29
$\begingroup$

Let $\quad E:\; y^2 = x^3 + ax + b \quad$ be an elliptic curve defined over a finite field $\mathbb F_q$ where $q = p^n$, $a,b \in \mathbb F_q$ and $p \neq 2, 3$. By Hasse's theorem we know that the order of $E(\mathbb F_q)$ is in the range $[q+1-2\sqrt{q}, q+1+2\sqrt{q}]$.

Is it possible to determine the order of $E(\mathbb F_q)$ given $a, b, q$ without enumerating the points?

$\endgroup$
3
  • $\begingroup$ check 'algorithm of schoof' :) (sry not time for long answer) $\endgroup$
    – Fleeep
    Sep 3, 2015 at 15:37
  • $\begingroup$ If we are given all the parameters of an elliptic curve (a, b, c, q, h=1) and also the order n. Can we confirm easily that the order given is the real one using the above mathematics? n = q+1-t, gives t, then we can test t directly with one of the equations in answers? $\endgroup$
    – user108420
    Mar 25 at 23:27
  • $\begingroup$ @user108420: We can verify that $t$ matches Hasses' bound, and we can verify that $n\,P=\mathcal O$ for some (or a few) random $P$, showing that $n$ is a multiple of the order of $P$, which must be the case for the actual $n$. For more (like probability of error, how the factorization of $n$ can be used to remove any doubt, reference on elliptic curve parameters validation), you might make a question (after searching if there's not a similar one). $\endgroup$
    – fgrieu
    Mar 26 at 8:05

2 Answers 2

29
$\begingroup$

There is a rather deep polynomial‑time algorithm for counting the $\mathbb F_q$‑rational points of an elliptic curve published by René Schoof in 1985 (with subsequent improvements by Noam Elkies and A. O. L. Atkin). It is based on two core ideas:

  • The number of points is closely linked to a functional equation $$ \varphi^2-t\varphi+q = 0 \qquad\in\operatorname{End}(E)$$ that the Frobenius endomorphism $$ \varphi\colon\;E\to E,\;\begin{cases}\mathcal O&\mapsto \mathcal O\\(x,y)&\mapsto (x^q,y^q) \end{cases} $$ satisfies in the endomorphism ring of $E$. If $t\in\mathbb Z$ is chosen such that this equation holds, it is called the trace of Frobenius and one can show that $$ \#E(\mathbb F_q)=q+1-t \text. $$ (The reason $\varphi$ has anything to do with point counting is that it leaves exactly the points with coordinates in $\mathbb F_q$ invariant.)
  • For odd $\ell$, there exist division polynomials $\psi_\ell\in\mathbb F_q[x]$ which vanish precisely on the $x$‑coordinates of the finite $\ell$‑torsion points of $E$. Therefore, one can compute $t\bmod\ell$ by checking for which $k\in\{0,\dots,\ell{-}1\}$ the functional equation $\varphi^2-k\varphi+q=0$ holds on a symbolic point $(x,y)$ where $x$ is a hypothetical root of $\psi_\ell$; in other words, this involves evaluating the endomorphism modulo $\psi_\ell$. The modular reduction is what makes this step polynomial‑time: The evaluation now works on symbolic points whose size is polynomially bounded in $\ell$, rather than (without any reduction) in $q$. Having computed $t\bmod\ell$ for a sufficiently large set $L$ of odd primes (according to Hasse's theorem, $\prod_{\ell\in L}\ell>4\sqrt q$ is enough), the Chinese remainder theorem can be used to reconstruct the trace of Frobenius $t$, thereby yielding the number of $\mathbb F_q$‑rational points $\#E(\mathbb F_q)$ on $E$.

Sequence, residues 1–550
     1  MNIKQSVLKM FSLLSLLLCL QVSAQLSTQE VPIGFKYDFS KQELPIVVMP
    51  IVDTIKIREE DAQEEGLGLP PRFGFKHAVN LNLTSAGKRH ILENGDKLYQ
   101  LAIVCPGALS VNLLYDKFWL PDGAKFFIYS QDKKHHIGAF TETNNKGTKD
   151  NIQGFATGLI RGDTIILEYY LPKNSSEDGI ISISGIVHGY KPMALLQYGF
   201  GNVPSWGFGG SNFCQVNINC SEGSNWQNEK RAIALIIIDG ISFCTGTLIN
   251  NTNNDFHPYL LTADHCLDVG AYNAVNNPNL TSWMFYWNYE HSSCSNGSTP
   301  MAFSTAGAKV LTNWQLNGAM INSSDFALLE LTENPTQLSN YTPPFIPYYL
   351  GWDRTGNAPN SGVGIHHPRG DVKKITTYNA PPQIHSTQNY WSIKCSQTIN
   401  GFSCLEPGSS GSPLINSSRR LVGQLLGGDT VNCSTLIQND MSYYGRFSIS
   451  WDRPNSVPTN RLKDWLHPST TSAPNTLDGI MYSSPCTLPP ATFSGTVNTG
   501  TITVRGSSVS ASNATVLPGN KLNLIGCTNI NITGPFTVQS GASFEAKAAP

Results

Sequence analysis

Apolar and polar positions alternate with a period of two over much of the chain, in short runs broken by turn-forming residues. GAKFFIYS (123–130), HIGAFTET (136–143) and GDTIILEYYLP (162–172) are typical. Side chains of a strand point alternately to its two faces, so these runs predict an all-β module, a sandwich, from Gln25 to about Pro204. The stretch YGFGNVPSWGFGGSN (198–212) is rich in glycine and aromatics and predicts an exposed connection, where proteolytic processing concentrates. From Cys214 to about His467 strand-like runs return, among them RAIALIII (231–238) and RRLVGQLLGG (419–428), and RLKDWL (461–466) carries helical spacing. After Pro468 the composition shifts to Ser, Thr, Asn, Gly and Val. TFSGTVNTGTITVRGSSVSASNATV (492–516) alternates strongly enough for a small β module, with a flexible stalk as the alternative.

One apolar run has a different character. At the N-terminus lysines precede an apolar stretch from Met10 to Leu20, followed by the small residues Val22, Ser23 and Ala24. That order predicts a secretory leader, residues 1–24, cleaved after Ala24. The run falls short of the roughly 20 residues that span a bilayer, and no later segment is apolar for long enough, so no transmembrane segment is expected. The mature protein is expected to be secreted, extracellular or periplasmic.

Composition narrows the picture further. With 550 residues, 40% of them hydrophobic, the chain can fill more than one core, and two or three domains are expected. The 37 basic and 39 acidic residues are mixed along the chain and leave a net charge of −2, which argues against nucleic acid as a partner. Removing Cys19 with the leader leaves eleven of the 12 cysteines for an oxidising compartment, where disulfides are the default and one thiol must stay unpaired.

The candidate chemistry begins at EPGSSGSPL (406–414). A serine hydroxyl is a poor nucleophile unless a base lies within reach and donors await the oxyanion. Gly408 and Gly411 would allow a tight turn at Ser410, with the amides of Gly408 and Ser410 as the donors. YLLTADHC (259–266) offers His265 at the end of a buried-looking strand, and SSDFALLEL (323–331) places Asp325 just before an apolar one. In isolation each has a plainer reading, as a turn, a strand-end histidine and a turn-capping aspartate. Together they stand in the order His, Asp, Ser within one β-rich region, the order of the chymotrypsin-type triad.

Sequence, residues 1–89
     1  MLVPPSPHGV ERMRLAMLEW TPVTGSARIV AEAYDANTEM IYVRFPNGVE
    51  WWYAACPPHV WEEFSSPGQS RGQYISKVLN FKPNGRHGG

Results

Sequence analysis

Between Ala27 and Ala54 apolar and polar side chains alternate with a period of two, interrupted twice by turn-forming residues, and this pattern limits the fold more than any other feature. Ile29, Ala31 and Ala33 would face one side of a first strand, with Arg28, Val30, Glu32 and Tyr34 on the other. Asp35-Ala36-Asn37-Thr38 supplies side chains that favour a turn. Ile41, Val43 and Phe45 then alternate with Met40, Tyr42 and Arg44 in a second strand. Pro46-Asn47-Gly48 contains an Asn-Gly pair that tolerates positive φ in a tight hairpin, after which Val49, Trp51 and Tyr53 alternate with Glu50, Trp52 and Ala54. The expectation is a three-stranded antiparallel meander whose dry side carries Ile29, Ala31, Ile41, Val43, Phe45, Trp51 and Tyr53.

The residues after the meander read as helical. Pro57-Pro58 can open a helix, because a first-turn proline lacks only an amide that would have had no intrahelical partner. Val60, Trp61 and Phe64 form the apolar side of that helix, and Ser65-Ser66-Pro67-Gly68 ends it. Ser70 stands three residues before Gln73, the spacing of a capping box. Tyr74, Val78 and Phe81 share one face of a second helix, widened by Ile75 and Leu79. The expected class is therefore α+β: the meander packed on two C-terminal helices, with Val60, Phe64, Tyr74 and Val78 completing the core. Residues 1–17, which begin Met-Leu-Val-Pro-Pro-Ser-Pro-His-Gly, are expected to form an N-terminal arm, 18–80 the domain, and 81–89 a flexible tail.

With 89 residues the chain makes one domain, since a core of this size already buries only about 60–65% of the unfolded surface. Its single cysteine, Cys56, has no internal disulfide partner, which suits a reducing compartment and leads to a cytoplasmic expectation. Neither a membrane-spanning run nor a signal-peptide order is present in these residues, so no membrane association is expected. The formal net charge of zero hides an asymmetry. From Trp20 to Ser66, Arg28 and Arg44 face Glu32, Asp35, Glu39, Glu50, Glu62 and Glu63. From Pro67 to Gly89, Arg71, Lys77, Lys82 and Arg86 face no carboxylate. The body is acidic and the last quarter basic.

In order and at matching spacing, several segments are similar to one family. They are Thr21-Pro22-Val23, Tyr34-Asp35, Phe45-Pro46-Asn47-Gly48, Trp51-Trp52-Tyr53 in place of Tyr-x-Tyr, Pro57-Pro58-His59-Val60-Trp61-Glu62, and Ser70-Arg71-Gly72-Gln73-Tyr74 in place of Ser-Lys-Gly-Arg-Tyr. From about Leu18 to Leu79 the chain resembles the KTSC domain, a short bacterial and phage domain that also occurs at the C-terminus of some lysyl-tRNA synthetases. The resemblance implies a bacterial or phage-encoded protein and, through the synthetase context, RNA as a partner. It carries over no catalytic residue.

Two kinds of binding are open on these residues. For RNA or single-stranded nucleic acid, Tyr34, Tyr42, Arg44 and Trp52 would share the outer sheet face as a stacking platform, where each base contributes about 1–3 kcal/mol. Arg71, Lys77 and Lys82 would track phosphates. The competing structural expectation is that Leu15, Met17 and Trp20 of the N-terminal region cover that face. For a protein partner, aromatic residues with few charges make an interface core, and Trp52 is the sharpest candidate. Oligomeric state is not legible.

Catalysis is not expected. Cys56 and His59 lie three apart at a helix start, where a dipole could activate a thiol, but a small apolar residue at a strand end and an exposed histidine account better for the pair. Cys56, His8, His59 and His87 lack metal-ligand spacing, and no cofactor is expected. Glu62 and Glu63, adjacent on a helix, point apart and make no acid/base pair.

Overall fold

Of course, there are implementations of (the improved variants of) this algorithm in popular computer algebra systems. Using SageMath, the number of $\mathbb F_{q^n}$‑rational points of an elliptic curve $$ y^2+a_1xy+a_3y=x^3+a_2x^2+a_4x+a_6 $$ defined over $\mathbb F_q$ can be computed as:

EllipticCurve(GF(q), [a1,a2,a3,a4,a6]).cardinality(extension_degree=n)
$\endgroup$
10
$\begingroup$

As yyyyyyy mentioned for counting number of points on elliptic curve over $\mathbb F_p$ we can use Elkies method. But for extension of fields use of this theorem make it so easy:

Theorem : Let $E$ be an elliptic curve defined over $F_q$, and let $\#E(F_q ) = q +1−t$. Then $\#E(F_{q^n} ) = q^n + 1 − V_n$ for all $n ≥ 2$, where $\{V_n\}$ is the sequence defined recursively by $V_0 = 2, V_1 = t$, and $V_n = V_1V_{n−1}−qV_{n−2}$ for $n ≥ 2$.

$\endgroup$

Your Answer

By clicking “Post Your Answer”, you agree to our terms of service and acknowledge that you have read and understand our privacy policy and code of conduct.

Not the answer you're looking for? Browse other questions tagged or ask your own question.